While Respondent contends that the <babajikriyayoga.net> domain name is comprised of common, descriptive terms and as such cannot be found to be confusingly similar to Complainant’s mark, the Panel finds that such a determination is not necessary under Policy ¶ 4(a)(i) as this portion of the Policy considers only whether Complainant has rights in the mark and whether the disputed domain name is identical or confusingly similar to Complainant’s mark. See Vance Int’l, Inc. v. Abend, FA 970871 (Nat. Arb. Forum June 7, 2007) (finding that because the complainant had received a trademark registration for its VANCE mark, the respondent’s argument that the term was generic failed under Policy ¶ 4(a)(i)); see also David Hall Rare Coins v. Tex. Int’l Prop. Assocs., FA 915206 (Nat. Arb. Forum Apr. 9, 2007) (“Respondent’s argument that each individual word in the mark is unprotectable and therefore the overall mark is unprotectable is at odds with the anti-dissection principle of trademark law.”).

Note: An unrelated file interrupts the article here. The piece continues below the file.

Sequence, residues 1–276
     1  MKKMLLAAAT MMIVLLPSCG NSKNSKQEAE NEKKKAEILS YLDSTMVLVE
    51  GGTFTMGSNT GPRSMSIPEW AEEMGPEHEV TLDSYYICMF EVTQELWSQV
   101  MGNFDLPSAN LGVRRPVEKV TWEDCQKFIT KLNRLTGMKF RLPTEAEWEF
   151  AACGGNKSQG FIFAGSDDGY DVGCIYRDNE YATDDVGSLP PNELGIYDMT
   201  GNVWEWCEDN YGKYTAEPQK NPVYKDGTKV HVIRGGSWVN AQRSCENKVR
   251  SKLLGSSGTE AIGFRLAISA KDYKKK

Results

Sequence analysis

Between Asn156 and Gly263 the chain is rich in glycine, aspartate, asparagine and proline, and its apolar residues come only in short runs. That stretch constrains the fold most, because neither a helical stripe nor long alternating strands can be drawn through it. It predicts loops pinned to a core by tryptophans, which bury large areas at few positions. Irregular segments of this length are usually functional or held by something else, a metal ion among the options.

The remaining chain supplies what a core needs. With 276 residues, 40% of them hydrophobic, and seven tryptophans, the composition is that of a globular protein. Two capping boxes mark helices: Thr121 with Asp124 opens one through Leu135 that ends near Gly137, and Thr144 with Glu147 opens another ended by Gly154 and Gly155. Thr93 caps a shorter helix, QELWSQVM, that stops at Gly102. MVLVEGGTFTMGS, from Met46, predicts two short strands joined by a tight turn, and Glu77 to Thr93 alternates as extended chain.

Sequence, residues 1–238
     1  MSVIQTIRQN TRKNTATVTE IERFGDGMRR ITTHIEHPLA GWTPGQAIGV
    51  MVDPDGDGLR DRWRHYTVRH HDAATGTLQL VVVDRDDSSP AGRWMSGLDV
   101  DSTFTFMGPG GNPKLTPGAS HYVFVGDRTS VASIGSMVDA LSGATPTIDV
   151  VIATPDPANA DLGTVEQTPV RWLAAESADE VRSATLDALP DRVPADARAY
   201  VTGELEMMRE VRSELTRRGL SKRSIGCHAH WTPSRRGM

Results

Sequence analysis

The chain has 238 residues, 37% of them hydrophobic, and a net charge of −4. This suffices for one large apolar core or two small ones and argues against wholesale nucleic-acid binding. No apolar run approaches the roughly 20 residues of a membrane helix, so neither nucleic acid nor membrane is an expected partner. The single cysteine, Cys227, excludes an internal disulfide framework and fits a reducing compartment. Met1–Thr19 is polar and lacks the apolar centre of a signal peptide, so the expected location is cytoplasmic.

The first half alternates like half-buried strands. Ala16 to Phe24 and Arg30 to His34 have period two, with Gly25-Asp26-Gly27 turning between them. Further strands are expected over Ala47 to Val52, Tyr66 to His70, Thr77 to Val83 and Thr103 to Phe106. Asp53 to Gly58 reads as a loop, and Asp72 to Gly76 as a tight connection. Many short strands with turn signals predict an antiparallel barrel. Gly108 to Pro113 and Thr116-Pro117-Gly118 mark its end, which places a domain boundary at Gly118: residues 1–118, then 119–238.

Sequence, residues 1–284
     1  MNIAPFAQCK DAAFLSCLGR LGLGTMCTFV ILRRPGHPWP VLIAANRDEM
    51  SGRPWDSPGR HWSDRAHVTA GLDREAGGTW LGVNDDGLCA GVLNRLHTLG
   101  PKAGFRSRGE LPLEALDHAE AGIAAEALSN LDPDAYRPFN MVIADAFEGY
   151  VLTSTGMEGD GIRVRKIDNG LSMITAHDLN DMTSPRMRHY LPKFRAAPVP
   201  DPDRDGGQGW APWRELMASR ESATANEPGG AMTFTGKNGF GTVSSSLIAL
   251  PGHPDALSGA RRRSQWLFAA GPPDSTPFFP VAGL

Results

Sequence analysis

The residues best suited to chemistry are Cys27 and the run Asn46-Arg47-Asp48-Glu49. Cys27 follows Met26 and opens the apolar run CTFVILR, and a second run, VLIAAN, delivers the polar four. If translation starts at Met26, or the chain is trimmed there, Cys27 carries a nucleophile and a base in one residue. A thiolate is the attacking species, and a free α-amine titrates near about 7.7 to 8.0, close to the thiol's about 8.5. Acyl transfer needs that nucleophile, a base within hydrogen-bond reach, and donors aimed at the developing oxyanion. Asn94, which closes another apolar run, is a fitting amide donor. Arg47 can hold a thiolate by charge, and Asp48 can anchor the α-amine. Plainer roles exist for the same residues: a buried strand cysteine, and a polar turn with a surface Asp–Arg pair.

In conclusion, the Panel finds that the disputed domain name is confusingly similar to Complainant’s mark under Policy ¶ 4(a)(i). See LOreal USA Creative Inc v. Syncopate.com – Smart Names for Startups, FA 203944 (Nat. Arb. Forum Dec. 8, 2003) (finding that the omission of an apostrophe did not significantly distinguish the domain name from the mark); see also Universal City Studios, Inc. v. HarperStephens, D2000-0716 (WIPO Sept. 5, 2000) (finding that deleting the letter “s” from the complainant’s UNIVERSAL STUDIOS STORE mark did not change the overall impression of the mark and thus made the disputed domain name confusingly similar to it); see also Trip Network Inc. v. Alviera, FA 914943 (Nat. Arb. Forum Mar. 27, 2007) (concluding that the affixation of a gTLD to a domain name is irrelevant to a Policy ¶ 4(a)(i) analysis).
Complainant contends that the Respondent does not have rights and legitimate interest in the disputed domain name.
In this sense, the Complainant contends that Respondent is not commonly known by the disputed domain name. Such allegation is not contested in the Response, and the evidence provided by WHOIS where it is listed Kumar Soundrapandian as the registrant of the disputed domain name or in the Response indicating Jaganathan Doraisamy as the person assigning Kumar Soundrapandian to register the disputed domain name does not indicate otherwise.